$15,000-$20,000

2015 Honda Accord used car

2015 Honda Accord

Used price range: $15,100-$22,275

CR’s take: The Accord is comfortable, roomy, and efficient. The 2.4-liter four-cylinder engine returns an excellent 30 mpg overall. And the driver’s seat is uniquely suitable for all heights, short to tall, because it can be easily adjusted.

Best version to get: Pick the EX-L for its convenience and safety features. Stick with the four-cylinder engine, which is cheaper than the V6 and more efficient.

What owners said: They praised its acceleration, handling, fuel economy, and value. But noise was a recurring negative.

See the complete Honda Accord road test, ratings, and pricing.

2015 Mazda CX-5 used car

2015 Mazda CX-5

Used price range: $14,725-$19,825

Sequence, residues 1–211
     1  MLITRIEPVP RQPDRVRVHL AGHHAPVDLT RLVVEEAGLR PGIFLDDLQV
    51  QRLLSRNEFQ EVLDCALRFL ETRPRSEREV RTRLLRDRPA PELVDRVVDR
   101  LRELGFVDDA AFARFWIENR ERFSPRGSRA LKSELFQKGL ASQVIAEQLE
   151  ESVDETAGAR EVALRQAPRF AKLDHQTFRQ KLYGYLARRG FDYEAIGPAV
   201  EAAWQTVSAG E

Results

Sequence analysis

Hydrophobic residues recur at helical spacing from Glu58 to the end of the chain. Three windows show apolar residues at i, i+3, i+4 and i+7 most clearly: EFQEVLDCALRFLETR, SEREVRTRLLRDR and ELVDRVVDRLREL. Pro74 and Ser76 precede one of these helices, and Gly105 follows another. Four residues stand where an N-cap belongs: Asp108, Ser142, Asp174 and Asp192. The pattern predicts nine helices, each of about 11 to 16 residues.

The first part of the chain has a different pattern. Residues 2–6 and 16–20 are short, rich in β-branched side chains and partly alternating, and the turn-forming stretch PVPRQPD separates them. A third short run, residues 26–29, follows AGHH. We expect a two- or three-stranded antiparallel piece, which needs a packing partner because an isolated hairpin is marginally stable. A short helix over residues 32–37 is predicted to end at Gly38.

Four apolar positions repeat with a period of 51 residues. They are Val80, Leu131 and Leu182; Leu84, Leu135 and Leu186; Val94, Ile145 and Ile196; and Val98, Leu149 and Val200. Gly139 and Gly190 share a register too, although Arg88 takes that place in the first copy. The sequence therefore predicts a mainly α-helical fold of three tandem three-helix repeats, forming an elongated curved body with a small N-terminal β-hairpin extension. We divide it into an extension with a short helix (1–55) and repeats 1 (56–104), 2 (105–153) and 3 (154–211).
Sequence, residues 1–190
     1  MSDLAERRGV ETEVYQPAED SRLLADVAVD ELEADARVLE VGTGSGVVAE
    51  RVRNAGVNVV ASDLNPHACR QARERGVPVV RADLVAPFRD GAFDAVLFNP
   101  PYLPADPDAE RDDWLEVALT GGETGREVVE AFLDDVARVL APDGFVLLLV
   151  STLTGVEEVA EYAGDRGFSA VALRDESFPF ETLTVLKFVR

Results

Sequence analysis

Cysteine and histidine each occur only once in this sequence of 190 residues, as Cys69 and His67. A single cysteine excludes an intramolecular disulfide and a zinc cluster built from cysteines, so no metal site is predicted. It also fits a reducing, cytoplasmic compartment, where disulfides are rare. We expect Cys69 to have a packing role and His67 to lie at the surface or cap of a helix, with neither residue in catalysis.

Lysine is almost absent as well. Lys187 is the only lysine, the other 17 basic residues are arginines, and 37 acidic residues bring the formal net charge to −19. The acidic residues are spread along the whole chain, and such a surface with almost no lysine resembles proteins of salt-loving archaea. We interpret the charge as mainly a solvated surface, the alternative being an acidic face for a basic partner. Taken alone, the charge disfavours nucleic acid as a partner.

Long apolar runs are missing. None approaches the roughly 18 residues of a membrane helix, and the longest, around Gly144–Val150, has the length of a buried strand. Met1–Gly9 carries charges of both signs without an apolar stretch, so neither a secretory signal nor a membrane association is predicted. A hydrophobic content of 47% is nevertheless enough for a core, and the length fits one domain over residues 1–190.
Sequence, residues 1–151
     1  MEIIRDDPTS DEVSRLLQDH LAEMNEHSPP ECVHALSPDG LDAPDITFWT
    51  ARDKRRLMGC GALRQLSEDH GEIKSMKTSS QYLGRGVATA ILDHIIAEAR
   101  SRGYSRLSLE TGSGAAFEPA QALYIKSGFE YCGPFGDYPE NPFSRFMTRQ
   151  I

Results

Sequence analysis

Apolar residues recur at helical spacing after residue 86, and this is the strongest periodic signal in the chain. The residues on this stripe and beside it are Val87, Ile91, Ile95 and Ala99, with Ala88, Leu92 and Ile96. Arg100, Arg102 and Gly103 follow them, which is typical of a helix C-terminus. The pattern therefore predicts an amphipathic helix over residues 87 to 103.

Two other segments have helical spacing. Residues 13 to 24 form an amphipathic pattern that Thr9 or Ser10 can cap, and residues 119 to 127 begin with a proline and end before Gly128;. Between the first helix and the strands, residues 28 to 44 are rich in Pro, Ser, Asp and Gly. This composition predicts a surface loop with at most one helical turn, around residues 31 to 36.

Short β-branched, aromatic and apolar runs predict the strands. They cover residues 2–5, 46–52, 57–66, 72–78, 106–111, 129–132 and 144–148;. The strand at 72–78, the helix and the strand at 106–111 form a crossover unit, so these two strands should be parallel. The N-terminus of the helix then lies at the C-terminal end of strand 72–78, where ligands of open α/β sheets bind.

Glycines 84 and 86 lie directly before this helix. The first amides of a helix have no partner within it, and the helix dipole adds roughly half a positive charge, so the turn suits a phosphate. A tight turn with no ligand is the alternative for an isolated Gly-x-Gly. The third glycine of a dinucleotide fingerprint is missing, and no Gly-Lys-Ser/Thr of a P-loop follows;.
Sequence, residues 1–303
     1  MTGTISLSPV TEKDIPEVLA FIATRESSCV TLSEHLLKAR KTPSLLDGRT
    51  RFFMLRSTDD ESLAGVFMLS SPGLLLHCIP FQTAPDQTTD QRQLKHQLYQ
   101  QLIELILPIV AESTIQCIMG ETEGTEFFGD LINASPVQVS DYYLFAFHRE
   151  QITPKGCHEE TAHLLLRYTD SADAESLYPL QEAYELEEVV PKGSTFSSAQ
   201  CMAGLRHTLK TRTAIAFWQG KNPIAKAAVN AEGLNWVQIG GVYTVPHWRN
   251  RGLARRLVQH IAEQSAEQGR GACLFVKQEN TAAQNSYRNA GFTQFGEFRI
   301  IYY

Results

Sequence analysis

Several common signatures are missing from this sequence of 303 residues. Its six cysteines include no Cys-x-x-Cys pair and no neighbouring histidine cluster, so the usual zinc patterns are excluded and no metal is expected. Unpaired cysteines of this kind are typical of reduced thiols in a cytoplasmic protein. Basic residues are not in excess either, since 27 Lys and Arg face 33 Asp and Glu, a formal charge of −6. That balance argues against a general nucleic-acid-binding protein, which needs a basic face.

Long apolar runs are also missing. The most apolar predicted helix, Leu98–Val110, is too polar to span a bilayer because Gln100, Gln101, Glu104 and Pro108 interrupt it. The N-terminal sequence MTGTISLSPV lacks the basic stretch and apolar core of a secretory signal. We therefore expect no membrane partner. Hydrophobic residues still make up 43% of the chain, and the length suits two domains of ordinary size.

CR’s take: Practical and fun, with a roomy, versatile interior. But a firm ride and loud cabin detract from the experience.

Best version to get: Skip the tepid 2.0-liter engine for the more responsive 2.5-liter. The midtrim Touring offers the best blend of price and equipment. If you stretch to the top-trim Grand Touring, you’ll also get advanced safety features.

What owners said: Feedback on ride varied—pay attention to it when you take a test drive. A typical comment: “This vehicle is very responsive and agile, similar to the Mazda 3 and the MX-5.”

See the complete Mazda CX-5 road test, ratings, and pricing.


$20,000-$25,000

2015 Lincoln MKZ used car

2015 Lincoln MKZ

Used price range: $17,850-$24,700

CR’s take: It has a luxurious, quiet interior, and ride and handling rival some high-end European sports sedans. But rear-seat room is limited.

Best version to get: The base model is a good buy, though for a bit more you can get the efficient hybrid. Look for models with the Reserve Equipment Group, which includes blind-spot warning.

What owners said: Acceleration, fuel economy, handling, comfort, and luxury amenities are high points, though some criticized how difficult the car is to get into.